Santigold - Santogold - Albums - Reviews - Soundblab

Santigold - Santogold

by Rich Morris Rating: Release Date:

Santi White (formally Santogold, now renamed Santigold thanks to threatened legal action from an infomercial jeweller) was not the only artist to make 2008 the year of the genre hop. Like Black Kids, Hot Chip and Passion Pit, Santigold had her indie-rock-disco-soul-whatever cake and scoffed the lot. Unlike those other acts, however, Santigold chose to bring a knife and fork to the table with which to delicately compartmentalise each genre, because, with the exception of the indie-goes-dub floor-filler 'Say A-Ha', Santogold keeps things neat and separate.

This makes the album a somewhat mixed up banquet and its creator a rather mercurial figure. She's strident and shrill on 'Unstoppable and 'Creator', fronting out the world in triumphant MIA style. Both tracks borrow from MIA's global ghetto blueprint, pile-driving minimalist electro into glutinous dubstep bass. But that's really where the comparison between the two ends. MIA has yet to attempt the rock classicism of 'L.E.S. Artistes', a bravely cool-dodging track which, with its video referencing Jodorowsky's The Holy Mountain, proved to be Santigold's pathway into the mainstream.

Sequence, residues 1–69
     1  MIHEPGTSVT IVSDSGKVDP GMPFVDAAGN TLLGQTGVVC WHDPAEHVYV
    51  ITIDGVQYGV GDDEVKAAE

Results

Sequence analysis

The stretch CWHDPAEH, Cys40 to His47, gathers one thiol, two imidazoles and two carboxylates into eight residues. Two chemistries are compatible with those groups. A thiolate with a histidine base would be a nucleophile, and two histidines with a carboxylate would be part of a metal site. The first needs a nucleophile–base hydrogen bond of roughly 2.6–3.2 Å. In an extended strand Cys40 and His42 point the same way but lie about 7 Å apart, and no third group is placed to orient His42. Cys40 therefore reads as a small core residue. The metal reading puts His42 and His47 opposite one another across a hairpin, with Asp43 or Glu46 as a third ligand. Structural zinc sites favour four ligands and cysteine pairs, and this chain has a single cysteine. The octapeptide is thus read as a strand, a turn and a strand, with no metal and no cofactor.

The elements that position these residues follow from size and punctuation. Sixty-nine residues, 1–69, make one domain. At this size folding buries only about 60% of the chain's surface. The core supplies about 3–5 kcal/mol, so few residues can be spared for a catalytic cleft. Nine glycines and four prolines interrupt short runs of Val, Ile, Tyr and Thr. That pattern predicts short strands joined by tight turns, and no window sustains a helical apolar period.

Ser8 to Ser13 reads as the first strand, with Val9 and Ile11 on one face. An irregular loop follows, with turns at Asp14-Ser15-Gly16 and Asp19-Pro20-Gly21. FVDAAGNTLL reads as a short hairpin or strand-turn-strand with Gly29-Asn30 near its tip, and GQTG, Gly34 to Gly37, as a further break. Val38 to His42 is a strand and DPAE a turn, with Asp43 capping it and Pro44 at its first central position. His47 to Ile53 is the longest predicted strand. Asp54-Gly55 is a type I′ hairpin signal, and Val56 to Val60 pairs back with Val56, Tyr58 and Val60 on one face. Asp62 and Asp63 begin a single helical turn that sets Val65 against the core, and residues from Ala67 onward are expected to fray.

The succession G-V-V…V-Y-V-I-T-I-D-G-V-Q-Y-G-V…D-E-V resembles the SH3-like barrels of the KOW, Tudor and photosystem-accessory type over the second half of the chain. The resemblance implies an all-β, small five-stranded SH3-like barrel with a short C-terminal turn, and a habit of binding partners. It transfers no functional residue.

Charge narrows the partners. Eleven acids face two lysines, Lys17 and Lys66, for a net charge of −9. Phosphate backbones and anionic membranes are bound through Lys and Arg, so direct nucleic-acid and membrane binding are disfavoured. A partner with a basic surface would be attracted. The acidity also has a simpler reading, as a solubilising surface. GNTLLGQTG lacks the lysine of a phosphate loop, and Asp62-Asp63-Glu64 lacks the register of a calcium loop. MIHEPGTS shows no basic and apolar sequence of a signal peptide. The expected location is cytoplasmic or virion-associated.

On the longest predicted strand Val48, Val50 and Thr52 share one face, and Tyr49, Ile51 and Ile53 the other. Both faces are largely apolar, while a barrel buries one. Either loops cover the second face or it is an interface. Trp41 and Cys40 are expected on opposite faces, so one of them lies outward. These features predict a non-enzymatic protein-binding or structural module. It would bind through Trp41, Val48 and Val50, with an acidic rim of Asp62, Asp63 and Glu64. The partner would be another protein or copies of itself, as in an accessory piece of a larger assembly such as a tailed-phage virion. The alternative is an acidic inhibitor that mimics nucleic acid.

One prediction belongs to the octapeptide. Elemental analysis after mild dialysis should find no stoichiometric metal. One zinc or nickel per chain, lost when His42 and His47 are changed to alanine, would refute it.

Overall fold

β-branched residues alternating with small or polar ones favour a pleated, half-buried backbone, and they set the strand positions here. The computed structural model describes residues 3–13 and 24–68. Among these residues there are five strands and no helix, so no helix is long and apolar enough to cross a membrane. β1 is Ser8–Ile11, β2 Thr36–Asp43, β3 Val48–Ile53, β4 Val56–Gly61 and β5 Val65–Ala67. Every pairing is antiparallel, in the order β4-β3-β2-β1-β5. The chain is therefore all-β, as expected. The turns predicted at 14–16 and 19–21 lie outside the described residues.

The unironic guitars return on 'Lights Out', a sweetly untroubled new wave track which swings with the joie de vivre of The Go-Go's and Altered Images. 'I'm a Lady', meanwhile, is as arrestingly sexy and sure of itself as anything Ms Debbie Harry ever committed to vinyl. The easy nature of these songs and the confidence oozing from Santigold's vocal performance suggest they may be representative of her true artistic style, although their comfy distance from the cutting edge might not satisfy an artist who clearly makes it her agenda to push things forward.

It may leave you guessing somewhat as to the realness of its maker, but Santogold proves that, like Bowie and Madonna before her, Santigold can adapt to any musical ground she chooses to stake as her own. Her next move could confound and astound.

Best tracks: 'I'm a Lady', 'Lights Out', 'L.E.S. Artistes'

Richard Morris

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